Although the Microsoft version of the TrueType specification explicitly allows for usWeightClass to be set to values from 100 to 900, TrueType fonts have historically always used values of 400 for a “regular” font in a Windows family with 700 for a “bold” style-linked font. Because of this history, in practice many or most Windows applications do not handle all possible values without problems. Using certain weightclasses, or style-lining certain weights, can result in fonts which are incorrectly “smeared bold,” or cases where regardless of which font is selected (regular or bold) either only the regular or only the bold font appears.
In general, applications appear to divide into two groups: those which have problems with some weight settings and style-link combinations, and those which do not. The applications which have problems all appear to exhibit the same problems with the same fonts. Some examples of common problem applications include PageMaker 6.5.x, Word 97, and Word 2000.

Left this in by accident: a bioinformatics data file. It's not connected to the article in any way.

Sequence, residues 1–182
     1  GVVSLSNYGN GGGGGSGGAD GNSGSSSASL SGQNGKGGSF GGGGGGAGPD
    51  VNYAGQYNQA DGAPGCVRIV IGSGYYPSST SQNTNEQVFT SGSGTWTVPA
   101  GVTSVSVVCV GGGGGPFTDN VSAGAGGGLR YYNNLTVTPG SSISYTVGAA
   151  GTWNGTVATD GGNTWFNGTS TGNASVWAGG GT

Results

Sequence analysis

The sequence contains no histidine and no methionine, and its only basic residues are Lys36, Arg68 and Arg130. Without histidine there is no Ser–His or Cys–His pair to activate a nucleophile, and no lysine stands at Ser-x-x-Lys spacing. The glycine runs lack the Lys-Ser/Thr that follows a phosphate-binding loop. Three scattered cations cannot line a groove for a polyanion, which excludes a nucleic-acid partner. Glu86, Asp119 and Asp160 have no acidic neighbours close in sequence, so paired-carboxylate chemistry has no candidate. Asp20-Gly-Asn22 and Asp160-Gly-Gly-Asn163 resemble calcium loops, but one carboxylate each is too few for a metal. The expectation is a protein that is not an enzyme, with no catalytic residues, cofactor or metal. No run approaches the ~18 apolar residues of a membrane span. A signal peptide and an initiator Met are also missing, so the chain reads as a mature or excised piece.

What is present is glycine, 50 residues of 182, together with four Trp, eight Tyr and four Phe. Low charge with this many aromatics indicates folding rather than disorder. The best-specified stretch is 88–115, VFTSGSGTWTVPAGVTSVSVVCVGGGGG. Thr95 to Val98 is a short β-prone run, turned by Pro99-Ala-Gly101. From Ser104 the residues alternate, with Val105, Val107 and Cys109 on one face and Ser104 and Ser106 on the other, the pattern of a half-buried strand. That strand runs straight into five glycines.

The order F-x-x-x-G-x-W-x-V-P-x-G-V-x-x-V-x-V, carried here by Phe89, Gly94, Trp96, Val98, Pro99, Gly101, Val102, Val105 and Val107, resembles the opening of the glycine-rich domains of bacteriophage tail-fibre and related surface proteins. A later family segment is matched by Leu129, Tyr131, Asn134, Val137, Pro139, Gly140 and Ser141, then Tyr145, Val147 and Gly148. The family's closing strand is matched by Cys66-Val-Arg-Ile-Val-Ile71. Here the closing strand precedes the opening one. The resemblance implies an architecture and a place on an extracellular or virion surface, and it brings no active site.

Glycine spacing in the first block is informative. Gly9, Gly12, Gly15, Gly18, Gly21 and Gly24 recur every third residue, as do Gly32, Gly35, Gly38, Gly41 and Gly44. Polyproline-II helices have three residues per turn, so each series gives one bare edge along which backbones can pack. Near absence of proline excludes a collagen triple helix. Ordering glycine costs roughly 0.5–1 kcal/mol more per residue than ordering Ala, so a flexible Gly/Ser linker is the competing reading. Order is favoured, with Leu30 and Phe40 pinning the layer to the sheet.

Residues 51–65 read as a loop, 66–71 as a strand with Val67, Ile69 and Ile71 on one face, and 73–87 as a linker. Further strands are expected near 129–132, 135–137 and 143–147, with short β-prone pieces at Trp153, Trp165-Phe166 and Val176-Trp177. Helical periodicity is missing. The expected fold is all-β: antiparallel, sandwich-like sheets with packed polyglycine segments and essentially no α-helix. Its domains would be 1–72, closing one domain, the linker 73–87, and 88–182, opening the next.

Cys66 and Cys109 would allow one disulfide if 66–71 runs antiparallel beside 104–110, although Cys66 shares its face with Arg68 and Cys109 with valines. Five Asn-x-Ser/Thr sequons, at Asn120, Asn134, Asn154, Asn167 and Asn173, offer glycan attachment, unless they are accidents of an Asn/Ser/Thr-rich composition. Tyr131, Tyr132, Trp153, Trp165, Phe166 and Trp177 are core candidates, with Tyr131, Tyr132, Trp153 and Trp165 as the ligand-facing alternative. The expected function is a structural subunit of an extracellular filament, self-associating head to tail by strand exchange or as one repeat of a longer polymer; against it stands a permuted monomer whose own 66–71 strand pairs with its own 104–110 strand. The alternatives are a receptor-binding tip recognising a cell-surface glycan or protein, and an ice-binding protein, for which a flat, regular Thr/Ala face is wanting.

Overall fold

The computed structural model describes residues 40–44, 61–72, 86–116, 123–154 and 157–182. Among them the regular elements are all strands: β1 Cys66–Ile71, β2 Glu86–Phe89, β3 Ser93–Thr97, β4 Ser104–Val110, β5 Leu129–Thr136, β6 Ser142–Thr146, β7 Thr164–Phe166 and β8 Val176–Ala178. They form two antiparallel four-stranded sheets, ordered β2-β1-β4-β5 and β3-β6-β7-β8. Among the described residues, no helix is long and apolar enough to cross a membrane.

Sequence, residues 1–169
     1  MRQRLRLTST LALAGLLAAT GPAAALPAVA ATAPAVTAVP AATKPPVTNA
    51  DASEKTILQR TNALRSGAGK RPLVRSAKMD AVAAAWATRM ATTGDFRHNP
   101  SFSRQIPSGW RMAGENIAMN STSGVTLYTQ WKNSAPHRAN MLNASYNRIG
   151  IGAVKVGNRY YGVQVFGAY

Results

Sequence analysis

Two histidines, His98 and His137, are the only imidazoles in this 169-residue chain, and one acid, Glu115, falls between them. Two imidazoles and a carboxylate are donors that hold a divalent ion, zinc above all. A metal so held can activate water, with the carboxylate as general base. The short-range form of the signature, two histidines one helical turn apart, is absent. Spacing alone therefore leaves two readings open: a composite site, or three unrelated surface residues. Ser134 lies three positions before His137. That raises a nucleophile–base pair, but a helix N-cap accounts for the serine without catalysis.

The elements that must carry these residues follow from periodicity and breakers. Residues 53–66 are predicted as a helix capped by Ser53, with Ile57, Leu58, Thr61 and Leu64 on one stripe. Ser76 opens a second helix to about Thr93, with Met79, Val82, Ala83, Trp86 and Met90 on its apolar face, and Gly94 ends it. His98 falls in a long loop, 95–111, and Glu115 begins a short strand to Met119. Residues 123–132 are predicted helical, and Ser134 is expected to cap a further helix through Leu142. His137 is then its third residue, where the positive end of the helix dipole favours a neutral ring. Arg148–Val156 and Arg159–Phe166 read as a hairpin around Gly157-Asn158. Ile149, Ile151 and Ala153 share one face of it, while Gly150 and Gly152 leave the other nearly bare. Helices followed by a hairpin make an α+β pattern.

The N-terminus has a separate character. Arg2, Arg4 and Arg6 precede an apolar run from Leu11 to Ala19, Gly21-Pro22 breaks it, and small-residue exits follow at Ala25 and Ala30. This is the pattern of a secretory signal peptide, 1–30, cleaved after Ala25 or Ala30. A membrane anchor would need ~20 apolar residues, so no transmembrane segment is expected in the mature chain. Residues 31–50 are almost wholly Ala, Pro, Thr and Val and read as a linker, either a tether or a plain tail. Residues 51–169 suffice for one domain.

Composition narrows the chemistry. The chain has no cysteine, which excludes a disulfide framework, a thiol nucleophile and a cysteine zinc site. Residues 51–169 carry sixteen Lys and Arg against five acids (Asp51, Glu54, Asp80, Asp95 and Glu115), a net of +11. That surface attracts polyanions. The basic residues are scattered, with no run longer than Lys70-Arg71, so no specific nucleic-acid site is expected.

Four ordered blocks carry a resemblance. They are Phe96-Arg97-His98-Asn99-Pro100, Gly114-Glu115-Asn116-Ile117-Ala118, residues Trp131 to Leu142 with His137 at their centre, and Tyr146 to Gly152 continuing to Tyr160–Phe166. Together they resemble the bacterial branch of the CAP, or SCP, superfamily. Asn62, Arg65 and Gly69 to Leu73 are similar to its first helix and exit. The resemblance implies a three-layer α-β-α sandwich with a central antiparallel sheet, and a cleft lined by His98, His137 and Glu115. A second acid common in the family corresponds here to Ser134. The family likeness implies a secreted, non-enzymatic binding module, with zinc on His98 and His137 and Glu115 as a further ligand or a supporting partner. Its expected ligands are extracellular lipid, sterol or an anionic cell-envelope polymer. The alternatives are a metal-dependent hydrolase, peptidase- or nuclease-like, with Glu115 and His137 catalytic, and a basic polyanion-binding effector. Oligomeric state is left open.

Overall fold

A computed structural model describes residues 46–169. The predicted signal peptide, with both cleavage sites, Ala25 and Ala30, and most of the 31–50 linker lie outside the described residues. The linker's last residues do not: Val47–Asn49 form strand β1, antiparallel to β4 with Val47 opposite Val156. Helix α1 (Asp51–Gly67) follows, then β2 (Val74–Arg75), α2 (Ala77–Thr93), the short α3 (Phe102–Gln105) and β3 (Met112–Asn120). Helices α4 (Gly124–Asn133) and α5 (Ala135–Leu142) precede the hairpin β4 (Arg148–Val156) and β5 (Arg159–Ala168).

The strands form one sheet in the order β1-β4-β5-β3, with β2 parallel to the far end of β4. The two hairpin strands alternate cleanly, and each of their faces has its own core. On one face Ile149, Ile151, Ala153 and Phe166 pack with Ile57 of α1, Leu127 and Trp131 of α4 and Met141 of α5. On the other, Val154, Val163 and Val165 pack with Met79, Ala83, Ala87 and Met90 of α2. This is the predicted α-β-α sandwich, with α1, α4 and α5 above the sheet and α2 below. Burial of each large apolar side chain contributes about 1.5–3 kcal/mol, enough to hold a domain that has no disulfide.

To avoid such problems, you may wish to follow these guidelines. We have not done exhaustive testing with every possible value for weight or for style-linking, so it is conceivable that certain combinations which we believe are “functional” may have problems with some small number of applications.
For a font which is "regular" (not style-linked as the bold version of something else), any weightclass value from 250 to 1000 seems to work.
Having a weightclass of 100 or 200 can result in a "smear bold" or (unintentionally) returning the style-linked bold. Because of this, you may wish to manually override the weightclass setting for all "extra light," "ultra light" or "thin" fonts.
It is possible to use manual overrides to change values to any desired number. Be aware that some applications may begin to use weightclass in ways you have not anticipated. For example, newer Adobe applications (starting with Illustrator 9 and Photoshop 6) are using the weightclass where present to help determine sorting order of font submenus for all fonts sharing the same “preferred family.” For this reason, we recommend that even if manual weightclass overrides are deemed necessary, font developers should preserve at least the relative weight relationships of all fonts within any given “preferred family.”
Here are what ranges of weightclasses appear to work consistently as the "bold" style-links from any given base weightclass, along with what names are normally associated with the given weightclass values (association made by makeotf by default, based on the TrueType spec).